New York native Jon Contino is at the forefront of today’s most influential designers. His unique stylistic approach blends old-world whimsy with a modern, minimalistic sensibility—a distinct personality that is often imitated. Contino’s dedicated efforts continue to blur boundaries and affect modern trends in all facets of the creative industry.
He has received numerous accolades for his fusion of old and new world aesthetics and continues to garner the attention of media outlets as well as large scale agencies and corporations such as Adweek, Coca-Cola, Ford, GQ, Leo Burnett, Nike and Ogilvy & Mather.
Jon resides in New York with his wife Erin and daughter Fiona where he operates a full-time studio and works as co-founder and creative director of menswear brand CXXVI Clothing Company.
Design Without a Face
Who have been your most influential mentors and why?
My parents and my grandparents have been the most influential people in my life, without a doubt. My mother and my grandmother (both fine artists) taught me illustration and calligraphy at a young age, my father (a carpenter) taught me woodworking, design and how to run a business, and my grandfather taught me about the more technical aspect of design and production from an engineer’s standpoint. I come from a long line of creative, intelligent and passionate people, so it was only natural that I’d look up to them and try to soak up as much as I could.
What has been inspiring you lately?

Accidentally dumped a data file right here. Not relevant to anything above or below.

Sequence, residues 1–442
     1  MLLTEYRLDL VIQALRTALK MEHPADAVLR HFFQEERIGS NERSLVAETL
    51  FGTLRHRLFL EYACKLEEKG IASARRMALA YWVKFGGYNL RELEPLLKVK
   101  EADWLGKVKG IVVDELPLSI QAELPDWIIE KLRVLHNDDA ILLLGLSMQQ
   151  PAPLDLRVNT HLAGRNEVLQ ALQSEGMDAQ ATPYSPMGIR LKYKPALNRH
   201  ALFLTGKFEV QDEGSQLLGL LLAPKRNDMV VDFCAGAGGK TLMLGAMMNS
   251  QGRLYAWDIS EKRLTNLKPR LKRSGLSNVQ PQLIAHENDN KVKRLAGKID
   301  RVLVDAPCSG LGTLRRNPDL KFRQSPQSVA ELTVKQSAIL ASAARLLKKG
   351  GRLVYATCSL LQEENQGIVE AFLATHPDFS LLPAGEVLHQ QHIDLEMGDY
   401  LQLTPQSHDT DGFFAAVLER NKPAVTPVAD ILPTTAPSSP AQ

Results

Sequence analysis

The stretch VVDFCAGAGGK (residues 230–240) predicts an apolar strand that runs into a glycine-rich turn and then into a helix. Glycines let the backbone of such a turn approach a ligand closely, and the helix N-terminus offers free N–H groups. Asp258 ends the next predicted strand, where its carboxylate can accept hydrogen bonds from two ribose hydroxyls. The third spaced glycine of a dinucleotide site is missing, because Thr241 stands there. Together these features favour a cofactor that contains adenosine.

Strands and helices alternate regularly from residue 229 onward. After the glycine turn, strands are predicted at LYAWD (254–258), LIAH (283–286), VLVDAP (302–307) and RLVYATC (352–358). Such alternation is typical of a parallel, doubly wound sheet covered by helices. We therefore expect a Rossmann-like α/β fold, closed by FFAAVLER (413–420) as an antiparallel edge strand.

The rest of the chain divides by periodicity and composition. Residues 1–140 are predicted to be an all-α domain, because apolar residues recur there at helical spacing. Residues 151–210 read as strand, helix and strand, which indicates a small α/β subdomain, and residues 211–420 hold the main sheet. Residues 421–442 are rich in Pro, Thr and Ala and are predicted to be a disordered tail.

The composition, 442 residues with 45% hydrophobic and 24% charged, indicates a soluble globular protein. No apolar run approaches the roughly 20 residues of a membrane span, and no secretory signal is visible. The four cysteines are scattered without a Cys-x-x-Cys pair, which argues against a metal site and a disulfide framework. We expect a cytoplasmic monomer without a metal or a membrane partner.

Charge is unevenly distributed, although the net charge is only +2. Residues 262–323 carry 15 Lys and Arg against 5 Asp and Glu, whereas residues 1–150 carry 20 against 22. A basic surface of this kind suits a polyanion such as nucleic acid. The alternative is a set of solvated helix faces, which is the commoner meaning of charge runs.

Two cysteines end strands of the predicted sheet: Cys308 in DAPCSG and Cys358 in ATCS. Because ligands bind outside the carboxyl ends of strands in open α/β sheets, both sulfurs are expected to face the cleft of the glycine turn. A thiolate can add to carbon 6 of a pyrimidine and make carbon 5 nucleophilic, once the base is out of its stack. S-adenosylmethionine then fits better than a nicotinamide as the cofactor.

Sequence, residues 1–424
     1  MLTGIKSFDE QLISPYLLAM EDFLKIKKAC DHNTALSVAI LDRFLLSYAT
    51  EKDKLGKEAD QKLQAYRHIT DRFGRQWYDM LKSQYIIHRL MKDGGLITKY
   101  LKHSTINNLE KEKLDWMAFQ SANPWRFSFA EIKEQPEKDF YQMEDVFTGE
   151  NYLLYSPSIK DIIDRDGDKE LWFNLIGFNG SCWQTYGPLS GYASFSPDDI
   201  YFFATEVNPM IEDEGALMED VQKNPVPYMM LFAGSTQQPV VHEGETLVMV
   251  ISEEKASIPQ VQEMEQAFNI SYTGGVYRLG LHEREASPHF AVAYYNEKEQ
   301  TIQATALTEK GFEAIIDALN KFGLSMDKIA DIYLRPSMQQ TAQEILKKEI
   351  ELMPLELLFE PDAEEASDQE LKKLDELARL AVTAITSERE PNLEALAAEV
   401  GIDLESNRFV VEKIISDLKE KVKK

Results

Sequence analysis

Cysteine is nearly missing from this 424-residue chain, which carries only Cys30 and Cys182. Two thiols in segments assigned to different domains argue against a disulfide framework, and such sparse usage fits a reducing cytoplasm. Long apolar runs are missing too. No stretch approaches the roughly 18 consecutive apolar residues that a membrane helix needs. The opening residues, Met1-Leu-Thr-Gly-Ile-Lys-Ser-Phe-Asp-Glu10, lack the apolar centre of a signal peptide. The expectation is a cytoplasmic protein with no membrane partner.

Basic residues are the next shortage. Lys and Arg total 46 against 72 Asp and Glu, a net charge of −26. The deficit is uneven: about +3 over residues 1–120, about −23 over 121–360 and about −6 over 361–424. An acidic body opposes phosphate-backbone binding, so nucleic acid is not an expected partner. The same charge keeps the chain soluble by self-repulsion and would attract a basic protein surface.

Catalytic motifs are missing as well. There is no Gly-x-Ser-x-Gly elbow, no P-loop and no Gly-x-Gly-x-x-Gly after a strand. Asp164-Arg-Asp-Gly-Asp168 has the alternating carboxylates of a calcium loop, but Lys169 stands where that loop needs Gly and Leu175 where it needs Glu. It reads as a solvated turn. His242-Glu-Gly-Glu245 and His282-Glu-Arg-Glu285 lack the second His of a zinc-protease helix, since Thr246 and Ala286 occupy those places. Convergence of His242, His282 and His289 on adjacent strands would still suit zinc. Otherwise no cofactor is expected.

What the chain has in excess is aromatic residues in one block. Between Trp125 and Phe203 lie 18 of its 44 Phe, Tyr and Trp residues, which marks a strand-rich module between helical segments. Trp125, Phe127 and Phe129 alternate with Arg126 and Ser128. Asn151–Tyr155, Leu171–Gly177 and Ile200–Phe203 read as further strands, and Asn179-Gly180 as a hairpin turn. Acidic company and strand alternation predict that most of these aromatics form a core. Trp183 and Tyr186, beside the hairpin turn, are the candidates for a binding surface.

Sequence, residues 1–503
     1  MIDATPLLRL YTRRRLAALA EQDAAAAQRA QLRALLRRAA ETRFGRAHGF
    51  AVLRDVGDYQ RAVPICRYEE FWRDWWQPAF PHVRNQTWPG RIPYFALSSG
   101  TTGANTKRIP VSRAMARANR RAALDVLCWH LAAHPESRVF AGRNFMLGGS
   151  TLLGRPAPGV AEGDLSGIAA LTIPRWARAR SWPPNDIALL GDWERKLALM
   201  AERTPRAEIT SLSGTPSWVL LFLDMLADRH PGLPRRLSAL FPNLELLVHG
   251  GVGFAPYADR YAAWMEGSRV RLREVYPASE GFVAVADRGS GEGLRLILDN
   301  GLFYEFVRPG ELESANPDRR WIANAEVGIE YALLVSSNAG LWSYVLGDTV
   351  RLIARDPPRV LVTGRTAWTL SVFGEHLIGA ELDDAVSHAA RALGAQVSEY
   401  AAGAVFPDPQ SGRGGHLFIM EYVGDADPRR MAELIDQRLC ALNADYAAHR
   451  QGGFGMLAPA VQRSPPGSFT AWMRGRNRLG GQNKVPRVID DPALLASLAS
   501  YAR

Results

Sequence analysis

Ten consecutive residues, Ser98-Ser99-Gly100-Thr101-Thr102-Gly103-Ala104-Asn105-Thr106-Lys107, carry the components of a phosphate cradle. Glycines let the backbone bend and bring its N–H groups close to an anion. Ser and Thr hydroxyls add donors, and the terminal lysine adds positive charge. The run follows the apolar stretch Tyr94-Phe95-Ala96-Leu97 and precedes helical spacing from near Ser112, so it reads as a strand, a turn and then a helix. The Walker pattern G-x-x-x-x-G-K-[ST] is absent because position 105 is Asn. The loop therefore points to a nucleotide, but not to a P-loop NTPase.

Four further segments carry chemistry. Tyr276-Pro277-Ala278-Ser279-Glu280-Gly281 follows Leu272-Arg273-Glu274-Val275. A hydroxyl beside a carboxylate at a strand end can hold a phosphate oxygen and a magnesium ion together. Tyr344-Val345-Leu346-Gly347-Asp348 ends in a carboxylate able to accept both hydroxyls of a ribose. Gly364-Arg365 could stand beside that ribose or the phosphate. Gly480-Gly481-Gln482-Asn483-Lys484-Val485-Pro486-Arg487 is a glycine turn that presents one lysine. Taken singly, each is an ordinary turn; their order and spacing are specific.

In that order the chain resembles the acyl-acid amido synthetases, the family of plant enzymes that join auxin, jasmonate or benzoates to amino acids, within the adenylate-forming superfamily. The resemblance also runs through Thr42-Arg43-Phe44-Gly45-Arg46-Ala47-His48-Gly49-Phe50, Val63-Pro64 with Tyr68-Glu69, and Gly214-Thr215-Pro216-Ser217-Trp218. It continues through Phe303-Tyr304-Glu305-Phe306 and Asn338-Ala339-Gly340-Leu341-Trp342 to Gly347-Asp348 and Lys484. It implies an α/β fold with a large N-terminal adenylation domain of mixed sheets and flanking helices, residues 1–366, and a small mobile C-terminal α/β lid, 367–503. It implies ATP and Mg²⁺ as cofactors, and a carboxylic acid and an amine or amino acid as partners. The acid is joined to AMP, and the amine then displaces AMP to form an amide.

My wife and I recently had our first child come into our world, and in the last three months that she’s been with us, I honestly haven’t been able to find anything as amazing or inspiring.
What personal/pro-bono creative projects are you working on, if any?
I’m currently developing a new signature menswear brand. My current brand, CXXVI, is a very visual, graphics-heavy company. This one is going to focus more on beautifully constructed garments with a fine attention to every detail. Any sort of graphics will be minimal, but way more impactful than something you’d see on a T-shirt.
What’s the biggest mistake you’ve made in your work and what did you learn from it?
The biggest mistake in the span of my career was not letting myself actually be myself. I tried too hard to please everyone, but that left me unsatisfied and mediocre. The second I started taking control creatively, I felt it all fall into place. It all made sense, and my work got better.
What music or practice gets you into your creative zone?
I grew up playing in hardcore bands. I love metal. Anything aggressive usually gets my blood pumping and more focused on what I’m doing as opposed to what’s happening around me. Of course, a little Tears for Fears never hurt anyone either.
What would you be doing if you weren’t a designer?
If I wasn't a designer, I’d have to pick something related to design. But if we’re removing “art” as an option, then I'd either want to be a touring drummer or struggling to play professional baseball. As long as it’s not a desk job—I don't do well in suits I’m forced to wear.
Do you have creative pursuits other than graphic design?